What Dimon's Letter To Shareholders Really Says

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In early April, JP Morgan Chase (NYSE: JPM) paid a $20 million fine to the Commodities Future Trading Commission in connection with JP Morgan's handling of its business affairs with Lehman Brothers as that firm collapsed in 2008. The very next day, JP Morgan released its annual letter to shareholders from its CEO, Jamie Dimon. And while long and detailed, the report's overall theme is that shareholders are lucky to be involved in such an outstandingly ethical and profitable organization. The fine itself was hardly noteworthy, yet it occurring less than 24 hours from the release of the annual letter was ironic.

Dimon and Warren Buffett have a healthy amount of respect for one another, and I view Dimon's letter as channeling his inner Buffett, without the homespun humor that is Buffett's style. The rambling, 38 page document touches on all aspects of JP Morgan's business and even contains a healthy dose of commentary on fiscal policy and new federal regulations. I will summarize the highlights.

Sure, JP Morgan had record profits last year of about $19 billion, up about 9% from the $17.4 billion recorded in 2010. Let’s take a slightly closer look. Net interest income was down about $3.3 billion in 2011 from 2010. Non interest income was down about $2.4 billion. On the other side of the ledger, non-interest expense was up about $1.7 billion in 2011 compared with 2010. So, if we have key revenue amounts down $5.7 billion, and key expense amounts up by $1.7 billion, how in the world did JP Morgan increase earnings? Its loan loss provision in 2010 was 16.6 billion, and in 2011 it was $7.6 billion. Add a little assist from an income tax rate down by 50 basis points (0.5%), and that is how it was done.  This is not sustainable income growth, and I am not sure I would have been bragging about it.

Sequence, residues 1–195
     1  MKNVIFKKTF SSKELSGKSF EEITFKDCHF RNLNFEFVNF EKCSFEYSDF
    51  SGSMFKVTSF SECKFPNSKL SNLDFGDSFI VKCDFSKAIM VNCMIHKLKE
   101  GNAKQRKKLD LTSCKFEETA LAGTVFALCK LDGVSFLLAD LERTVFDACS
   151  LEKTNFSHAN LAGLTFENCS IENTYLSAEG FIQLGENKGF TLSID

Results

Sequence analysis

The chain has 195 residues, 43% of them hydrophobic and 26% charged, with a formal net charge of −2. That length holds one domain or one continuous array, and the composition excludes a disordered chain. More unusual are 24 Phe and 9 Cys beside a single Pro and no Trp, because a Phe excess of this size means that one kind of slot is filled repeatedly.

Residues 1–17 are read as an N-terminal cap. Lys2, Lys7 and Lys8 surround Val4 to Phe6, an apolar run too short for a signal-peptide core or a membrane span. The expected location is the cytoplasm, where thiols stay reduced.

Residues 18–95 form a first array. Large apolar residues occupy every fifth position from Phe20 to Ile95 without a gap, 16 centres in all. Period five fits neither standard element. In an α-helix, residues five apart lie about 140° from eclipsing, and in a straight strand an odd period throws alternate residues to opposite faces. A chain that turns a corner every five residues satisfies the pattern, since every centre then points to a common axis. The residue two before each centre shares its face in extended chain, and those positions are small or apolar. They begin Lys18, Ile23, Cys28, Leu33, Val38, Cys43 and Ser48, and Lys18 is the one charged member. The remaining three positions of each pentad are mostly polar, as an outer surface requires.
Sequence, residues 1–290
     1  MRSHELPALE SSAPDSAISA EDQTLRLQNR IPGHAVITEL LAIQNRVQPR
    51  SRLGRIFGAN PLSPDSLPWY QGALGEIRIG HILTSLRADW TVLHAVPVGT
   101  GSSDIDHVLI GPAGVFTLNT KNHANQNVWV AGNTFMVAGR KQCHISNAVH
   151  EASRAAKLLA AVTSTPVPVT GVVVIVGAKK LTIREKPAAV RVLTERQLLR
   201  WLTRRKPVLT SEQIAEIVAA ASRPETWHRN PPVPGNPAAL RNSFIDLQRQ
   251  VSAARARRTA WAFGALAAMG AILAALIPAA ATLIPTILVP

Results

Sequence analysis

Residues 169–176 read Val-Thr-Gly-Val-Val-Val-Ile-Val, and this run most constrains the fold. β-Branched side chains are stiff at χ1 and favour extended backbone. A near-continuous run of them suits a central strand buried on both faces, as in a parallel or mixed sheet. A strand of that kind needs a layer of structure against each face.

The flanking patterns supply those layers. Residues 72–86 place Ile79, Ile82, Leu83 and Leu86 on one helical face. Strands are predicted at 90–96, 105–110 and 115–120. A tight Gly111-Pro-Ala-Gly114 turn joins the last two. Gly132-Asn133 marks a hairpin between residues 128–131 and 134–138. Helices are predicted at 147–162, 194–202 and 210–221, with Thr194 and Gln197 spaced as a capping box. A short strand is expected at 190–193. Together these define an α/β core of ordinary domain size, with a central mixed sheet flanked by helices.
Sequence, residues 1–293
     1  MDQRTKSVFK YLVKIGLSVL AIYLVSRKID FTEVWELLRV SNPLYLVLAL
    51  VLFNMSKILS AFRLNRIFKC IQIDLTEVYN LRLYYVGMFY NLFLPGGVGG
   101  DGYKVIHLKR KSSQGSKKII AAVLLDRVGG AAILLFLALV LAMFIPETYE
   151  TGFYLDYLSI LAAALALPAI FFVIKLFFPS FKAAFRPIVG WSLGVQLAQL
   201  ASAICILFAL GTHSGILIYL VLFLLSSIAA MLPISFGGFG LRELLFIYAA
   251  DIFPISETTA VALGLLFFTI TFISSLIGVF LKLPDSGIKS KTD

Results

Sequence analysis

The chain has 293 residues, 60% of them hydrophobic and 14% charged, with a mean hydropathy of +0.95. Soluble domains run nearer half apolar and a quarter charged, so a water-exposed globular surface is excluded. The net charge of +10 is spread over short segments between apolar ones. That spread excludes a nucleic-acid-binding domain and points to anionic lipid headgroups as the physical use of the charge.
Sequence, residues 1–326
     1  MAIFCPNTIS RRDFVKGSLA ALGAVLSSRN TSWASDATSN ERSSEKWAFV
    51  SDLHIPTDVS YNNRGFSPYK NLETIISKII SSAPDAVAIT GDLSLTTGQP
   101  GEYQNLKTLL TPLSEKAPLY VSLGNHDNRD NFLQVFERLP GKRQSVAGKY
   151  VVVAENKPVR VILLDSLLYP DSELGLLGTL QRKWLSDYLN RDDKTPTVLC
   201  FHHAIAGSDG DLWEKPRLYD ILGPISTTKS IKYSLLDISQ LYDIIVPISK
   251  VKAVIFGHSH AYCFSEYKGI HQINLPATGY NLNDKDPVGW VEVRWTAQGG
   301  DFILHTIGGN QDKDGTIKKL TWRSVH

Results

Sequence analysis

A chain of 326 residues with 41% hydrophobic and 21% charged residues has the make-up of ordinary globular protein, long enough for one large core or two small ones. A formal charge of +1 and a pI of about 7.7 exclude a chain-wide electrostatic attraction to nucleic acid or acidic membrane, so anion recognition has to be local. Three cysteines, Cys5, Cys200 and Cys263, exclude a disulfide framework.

I am not going to dispute Dimon's assertion that JP Morgan is a huge, integrated part of the international economy. It is the largest American bank by assets, and among the Financial Stability Board's list of 29 banks too big to fail. Global Finance recently named it the safest commercial bank in the United States, and the overall 38th safest bank in the world.

Next was Dimon's reminder that JP Morgan has not been shy about returning capital to shareholders. Its dividend is now an annual $1.20 per year, for a current yield of 2.7%. It bought back 9 million shares of its common stock in 2011, and has received Federal Reserve approval to buy back another 12 million in 2012. Dimon states these purchases will be immediately accretive to earnings so long as shares are bought for near or below tangible book value. The problem is, JP Morgan carried over $15 per share of intangible assets, comprising fully 1/3 of its book value at the end of 2011. If JP Morgan is buying stock right now, it is paying a premium of over 25% to its tangible book value. Perhaps, Dimon is right that if anything JP Morgan understates the value of its considerable intangible asset base. Yet, given the history of all banks in the past five years, I trust no one's estimate of intangible assets, and cannot get around the fact JP Morgan needs more capital to comply with Basil III. JP Morgan's dedication to share buybacks is a huge opportunity cost as well, as the bank, according to Dimon, will not consider acquisitions that require capital in 2012.